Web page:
For me, this blog has been a life-saver.
It has helped me to keep a running record of the book I’m writing for my niece, page by page. It’s a slow process to explain each part of the story and being able to see it come together little by little helps me sleep at night.
I value my privacy so I steer clear of social media but this blog is necessary for my sanity. Anything I can do to raise awareness about secret pregnancies and secret adoptions and the destruction they leave behind, I am willing to do.
I have a teenage daughter and she has talked to me about numerous friends that needed some help or someone to talk to, and before the words finished leaving her lips, I told her, they can come here. If they needed a place to stay, help to get on their feet, whatever it is, we’re here day or night. I’ve taken in many kids over the years and have served more meals than I count to every one of them that came over.
My grandma always told me to make a good size portion of whatever I was making because you never knew who would stop by to eat. I carried that with me my whole life and every time I had more than extra and those unexpected guests came by, I served them a huge plate with a smile, silently thinking of my grandma.
I was always taking care of the neighborhood kids, the kids’ friends from school, buying them clothes, opening the door in the middle of the night if they needed to talk or a place to sleep. My daughter ran up to me one day and said that it was one of her good friends’ thirteenth birthday and that absolutely nothing was being done for her. I thought quickly, told her to give me an hour, and I threw her milestone birthday, complete with decorations, food, and beautifully wrapped gifts. I believe the party was ready in an hour and fifteen minutes.
The look on this little girl’s face and the happy tears in her eyes is a memory I feel so honored to be a part of.
I still have a card from another of the kids’ friends thanking me for being the best mom he ever had. Kids were always welcome to come over, eat, have a sleepover, play board games, come over for a book club meeting complete with Hors d’oeuvre and face painting. My heart has always been with children. I knew my calling was to be a teacher when I was in second grade. Thankfully, I was blessed and my dream came true.
So is it any wonder that one of my biggest dreams other than having children of my own, was to have nieces and nephews? Having an eight year gap between my middle sibling and a sixteen year gap between myself and my little brother, I knew I would have to wait patiently for my dream of becoming an auntie to be fulfilled.
I had it all planned out. How the baby shower decorations would look, how I would be there for the birth, the books we would read, the places we would go, the ice-cream sundaes we would make.
I daydreamed of wearing one of those cheesy ‘ #1 Auntie ‘ t-shirts.
When I heard of the news, that our lives changed overnight into living nightmare we would have to survive, I saw my dreams in my mind’s eye disappear one by one. No special holidays, no movie nights, no discovering the world through nature walks, no museums, no plays, no hugs, no kisses. Everything I dreamed of my whole life was wiped away in one second like a sandcastle built at the shoreline.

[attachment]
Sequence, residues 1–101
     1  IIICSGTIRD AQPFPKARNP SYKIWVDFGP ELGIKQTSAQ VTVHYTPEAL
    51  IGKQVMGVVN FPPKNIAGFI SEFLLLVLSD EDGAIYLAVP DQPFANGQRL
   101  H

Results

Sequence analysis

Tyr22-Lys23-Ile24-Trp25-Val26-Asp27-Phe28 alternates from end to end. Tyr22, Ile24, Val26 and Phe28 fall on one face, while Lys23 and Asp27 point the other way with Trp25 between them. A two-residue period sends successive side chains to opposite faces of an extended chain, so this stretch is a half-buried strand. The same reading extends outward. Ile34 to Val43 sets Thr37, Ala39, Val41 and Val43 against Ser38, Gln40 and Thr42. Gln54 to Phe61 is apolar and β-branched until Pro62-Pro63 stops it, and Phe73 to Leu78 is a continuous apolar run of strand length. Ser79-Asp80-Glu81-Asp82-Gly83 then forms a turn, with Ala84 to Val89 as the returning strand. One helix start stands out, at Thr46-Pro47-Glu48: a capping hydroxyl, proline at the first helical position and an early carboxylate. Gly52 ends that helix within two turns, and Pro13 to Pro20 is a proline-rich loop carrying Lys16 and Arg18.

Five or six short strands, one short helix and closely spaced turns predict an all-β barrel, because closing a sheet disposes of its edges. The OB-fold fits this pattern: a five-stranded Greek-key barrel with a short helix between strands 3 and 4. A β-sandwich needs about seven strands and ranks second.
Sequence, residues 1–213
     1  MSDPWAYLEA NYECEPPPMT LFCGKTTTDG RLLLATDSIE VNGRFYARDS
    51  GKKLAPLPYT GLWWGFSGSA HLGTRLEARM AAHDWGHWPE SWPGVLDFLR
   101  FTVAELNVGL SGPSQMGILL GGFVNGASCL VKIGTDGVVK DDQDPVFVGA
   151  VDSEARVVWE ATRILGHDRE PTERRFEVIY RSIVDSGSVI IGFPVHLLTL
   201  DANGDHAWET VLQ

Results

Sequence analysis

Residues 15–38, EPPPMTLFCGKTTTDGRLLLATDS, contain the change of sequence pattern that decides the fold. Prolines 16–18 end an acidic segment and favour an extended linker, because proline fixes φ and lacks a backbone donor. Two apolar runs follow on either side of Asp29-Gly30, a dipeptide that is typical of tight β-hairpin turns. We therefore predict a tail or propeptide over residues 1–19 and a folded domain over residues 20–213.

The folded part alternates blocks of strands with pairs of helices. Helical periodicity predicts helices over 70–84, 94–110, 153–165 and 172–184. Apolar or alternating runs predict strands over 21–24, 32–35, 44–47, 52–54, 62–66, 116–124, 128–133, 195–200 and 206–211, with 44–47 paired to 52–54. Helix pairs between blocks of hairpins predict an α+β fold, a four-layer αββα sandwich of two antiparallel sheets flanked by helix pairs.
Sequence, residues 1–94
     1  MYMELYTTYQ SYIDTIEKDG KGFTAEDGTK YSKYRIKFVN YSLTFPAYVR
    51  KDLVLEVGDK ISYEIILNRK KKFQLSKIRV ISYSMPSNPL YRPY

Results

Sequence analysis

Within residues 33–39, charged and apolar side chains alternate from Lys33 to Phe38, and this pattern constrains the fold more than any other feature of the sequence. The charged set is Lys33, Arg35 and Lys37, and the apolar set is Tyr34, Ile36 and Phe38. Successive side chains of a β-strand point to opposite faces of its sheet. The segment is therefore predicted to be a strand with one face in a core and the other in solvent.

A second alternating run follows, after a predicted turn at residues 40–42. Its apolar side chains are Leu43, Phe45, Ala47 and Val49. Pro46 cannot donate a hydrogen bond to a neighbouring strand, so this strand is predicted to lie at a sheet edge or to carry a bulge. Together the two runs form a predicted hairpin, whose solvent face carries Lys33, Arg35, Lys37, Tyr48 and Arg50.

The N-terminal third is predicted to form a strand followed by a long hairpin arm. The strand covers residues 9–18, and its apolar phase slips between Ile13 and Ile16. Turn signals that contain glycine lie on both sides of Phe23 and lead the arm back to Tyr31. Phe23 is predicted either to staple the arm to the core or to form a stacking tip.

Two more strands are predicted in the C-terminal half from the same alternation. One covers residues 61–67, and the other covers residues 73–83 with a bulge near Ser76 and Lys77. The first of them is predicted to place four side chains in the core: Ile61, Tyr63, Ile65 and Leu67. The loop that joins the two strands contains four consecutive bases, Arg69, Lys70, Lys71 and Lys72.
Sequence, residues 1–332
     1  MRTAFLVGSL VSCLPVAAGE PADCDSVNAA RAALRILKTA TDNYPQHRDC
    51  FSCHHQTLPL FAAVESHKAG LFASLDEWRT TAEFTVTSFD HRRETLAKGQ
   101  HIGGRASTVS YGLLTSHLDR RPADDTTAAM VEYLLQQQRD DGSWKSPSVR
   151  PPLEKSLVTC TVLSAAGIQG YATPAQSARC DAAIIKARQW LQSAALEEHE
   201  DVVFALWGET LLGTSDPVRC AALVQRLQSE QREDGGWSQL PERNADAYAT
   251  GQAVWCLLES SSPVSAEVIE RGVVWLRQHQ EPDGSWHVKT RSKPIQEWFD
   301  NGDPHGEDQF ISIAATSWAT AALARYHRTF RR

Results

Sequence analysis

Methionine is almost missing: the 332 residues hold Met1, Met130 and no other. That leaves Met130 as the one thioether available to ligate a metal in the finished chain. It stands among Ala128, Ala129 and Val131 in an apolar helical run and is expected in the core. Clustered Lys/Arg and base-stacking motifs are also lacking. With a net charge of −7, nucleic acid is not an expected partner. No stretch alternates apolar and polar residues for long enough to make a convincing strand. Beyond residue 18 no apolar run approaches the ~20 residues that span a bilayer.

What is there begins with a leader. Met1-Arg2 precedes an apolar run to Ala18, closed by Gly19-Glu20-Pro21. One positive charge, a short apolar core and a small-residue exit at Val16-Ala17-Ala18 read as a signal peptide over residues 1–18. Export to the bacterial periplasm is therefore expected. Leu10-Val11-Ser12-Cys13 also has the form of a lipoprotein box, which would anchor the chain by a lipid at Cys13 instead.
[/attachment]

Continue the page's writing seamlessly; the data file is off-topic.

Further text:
I couldn’t sleep the night I found out, my hands shaking, I grabbed a sheet of paper to scribble out some feelings and frustrations. That writing never stopped, and continues to this day. I had to get out what I felt, had I not started writing what would turn into this book, I don’t think I would have made it.
I’ve barely survived as it is, but the writing and praying are what kept me alive. For many years after this secret and painful adoption, I became very sick. I was having crying spells so I had no choice but to quit a job I loved so much because I would smile and take care of patients when they came in, and once they were sent to the doctor’s care room, I would go in the back of the office and cry my eyes out. I would cry so hard that I would hyperventilate.
I was getting sick all the time, my body felt weak and achy. I couldn’t think straight, walk straight, I couldn’t keep track of time, I was having terrifying nightmares, I could barely eat, and I just wanted to sit still, stare off into space and not utter a word. You really do get a lump in your throat when the emotional pain is so severe it takes away your ability to even swallow.
I withdrew from everything and everyone for a good while and it has been a slow process of healing, and I know that I’ll never really be the same ever again. I realized that part a long time ago.
But God is always with me and I know the day will come when I get to have a relationship with my niece. This blog has been so therapeutic and helps me immensely. It helps me get it all out. I have received so much kindness and support from strangers around the world and I am deeply touched every time someone reaches out to me. That support helps me get through some tough days and gives me that push to never give up.
Being able to document the process from blog to book helps bring me relief, it eases the strain. It has been such a blessing to be able to raise awareness about such a taboo subject.
Telling our side of this awful story is so important and I’m grateful to have a place for our voices to be heard.